HLF is specifically expressed in aHSCs of fibrotic liver
To explore the role of HLF in liver fibrosis, we first examined the expression of HLF in human liver tissues. As shown in online supplementary figure 1B, the mRNA expression of HLF was significantly increased in fibrotic livers from patients compared with healthy individuals. Strikingly, HLF expression was absent in human healthy livers, but it was highly expressed in patient fibrotic livers (figure 1A). Notably, the expression pattern of HLF coincides with that of alpha-smooth muscle actin (α-SMA), a well-established marker of aHSCs in the fibrotic livers (figure 1A), implying the restricted expression of HLF in aHSCs. As expected, the upregulation of HLF was also observed in CCl4-induced or BDL-induced murine liver fibrosis (figure 1B,C). The HLF protein was only detected in mice fibrotic livers or primary aHSCs rather than parenchymal hepatocytes or primary Kupffer cells, further suggesting the restricted expression of HLF in aHSCs (see online supplementary figure 1C). Strikingly, dual immunofluorescence staining of liver tissues from patients with fibrosis displayed a close co-localization of HLF and aHSC marker α-SMA or desmin, whereas there was no notable overlap between HLF and other cell markers, including HNF4α (hepatocytes), CD31 (liver sinusoidal endothelial cells), CK19 (cholangiocytes) and CD68 (Kupffer cells), which further confirmed the HSC-specific expression pattern of HLF in fibrotic livers (figure 1D and see online supplementary figure 1D). Moreover, HLF was found to be mainly expressed in the nucleus of the cultured human HSCs (see online supplementary figure 1E). Collectively, these data suggest that HLF could serve as a novel biomarker for aHSCs and liver fibrosis.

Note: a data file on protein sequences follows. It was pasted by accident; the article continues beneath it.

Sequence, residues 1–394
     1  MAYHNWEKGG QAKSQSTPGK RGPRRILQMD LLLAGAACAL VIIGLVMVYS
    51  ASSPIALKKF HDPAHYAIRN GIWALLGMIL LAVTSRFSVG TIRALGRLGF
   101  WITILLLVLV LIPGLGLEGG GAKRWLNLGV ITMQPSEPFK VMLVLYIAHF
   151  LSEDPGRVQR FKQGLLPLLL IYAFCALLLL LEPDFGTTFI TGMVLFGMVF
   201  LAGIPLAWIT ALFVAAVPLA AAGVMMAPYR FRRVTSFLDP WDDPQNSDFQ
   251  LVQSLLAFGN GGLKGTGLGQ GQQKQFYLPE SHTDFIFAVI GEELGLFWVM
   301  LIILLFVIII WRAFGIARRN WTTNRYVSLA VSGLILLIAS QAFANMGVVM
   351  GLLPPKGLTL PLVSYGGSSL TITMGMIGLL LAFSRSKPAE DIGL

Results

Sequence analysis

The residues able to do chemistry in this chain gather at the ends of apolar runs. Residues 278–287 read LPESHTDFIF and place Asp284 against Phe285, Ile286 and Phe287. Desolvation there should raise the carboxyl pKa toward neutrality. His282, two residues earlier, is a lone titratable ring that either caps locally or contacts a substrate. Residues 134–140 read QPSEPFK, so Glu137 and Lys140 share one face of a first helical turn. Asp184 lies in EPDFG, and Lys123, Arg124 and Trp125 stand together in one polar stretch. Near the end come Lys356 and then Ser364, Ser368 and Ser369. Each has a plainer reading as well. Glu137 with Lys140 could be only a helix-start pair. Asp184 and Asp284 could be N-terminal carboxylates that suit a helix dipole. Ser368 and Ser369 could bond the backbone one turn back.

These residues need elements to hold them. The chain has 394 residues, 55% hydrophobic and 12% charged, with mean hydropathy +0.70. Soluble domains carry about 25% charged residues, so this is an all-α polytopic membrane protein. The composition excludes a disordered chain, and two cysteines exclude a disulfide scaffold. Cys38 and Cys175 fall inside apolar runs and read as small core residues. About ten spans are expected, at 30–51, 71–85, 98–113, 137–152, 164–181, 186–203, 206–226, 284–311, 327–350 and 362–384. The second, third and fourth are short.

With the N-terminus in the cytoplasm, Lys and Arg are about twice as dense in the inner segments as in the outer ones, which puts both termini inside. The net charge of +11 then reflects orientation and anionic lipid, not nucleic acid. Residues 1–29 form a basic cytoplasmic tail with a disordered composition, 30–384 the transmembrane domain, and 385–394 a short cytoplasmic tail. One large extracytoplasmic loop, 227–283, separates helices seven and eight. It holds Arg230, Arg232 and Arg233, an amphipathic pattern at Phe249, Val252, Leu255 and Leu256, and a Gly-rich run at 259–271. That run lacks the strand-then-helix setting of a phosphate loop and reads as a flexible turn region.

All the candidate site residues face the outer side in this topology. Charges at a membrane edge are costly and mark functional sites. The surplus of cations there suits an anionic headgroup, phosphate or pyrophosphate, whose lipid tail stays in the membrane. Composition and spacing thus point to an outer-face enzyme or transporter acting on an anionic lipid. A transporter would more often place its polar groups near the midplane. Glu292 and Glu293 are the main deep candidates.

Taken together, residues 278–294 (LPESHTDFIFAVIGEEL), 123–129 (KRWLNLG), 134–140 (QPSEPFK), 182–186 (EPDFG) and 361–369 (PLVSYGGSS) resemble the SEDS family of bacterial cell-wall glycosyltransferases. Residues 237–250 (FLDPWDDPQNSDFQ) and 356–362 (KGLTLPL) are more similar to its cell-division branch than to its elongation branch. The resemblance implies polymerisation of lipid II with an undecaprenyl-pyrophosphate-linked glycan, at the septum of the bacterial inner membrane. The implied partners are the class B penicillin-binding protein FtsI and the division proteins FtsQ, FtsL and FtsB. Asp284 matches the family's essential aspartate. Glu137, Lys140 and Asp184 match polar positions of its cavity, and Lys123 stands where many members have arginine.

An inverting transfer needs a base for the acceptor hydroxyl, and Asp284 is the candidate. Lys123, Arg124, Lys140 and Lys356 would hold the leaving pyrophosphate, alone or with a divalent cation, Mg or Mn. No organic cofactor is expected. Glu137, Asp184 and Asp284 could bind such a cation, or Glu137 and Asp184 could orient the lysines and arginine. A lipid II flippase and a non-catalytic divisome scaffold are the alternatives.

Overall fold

HLF depletion ameliorates experimental liver fibrosis
DNA transposon PB-mediated insertional mutagenesis was recently reported as an efficient large-scale genetic manipulation approach in mice.25 26 In the present study, we used a PB insertion mutation strain, 090922043-HRA, in which CAG-RFP was inserted into the second intron of the HLF gene (see online supplementary figure 2A). The mice were genotyped using PCR (see online supplementary figure 2B), and HLF expression in healthy liver was examined by western blotting (see online supplementary figure 2C). Our data showed that HLF protein was undetectable in healthy livers from WT and HLFPB/PB mice. In addition, no overt phenotype change in liver of homozygous mice (HLFPB/PB) was observed (see online supplementary figure 2D).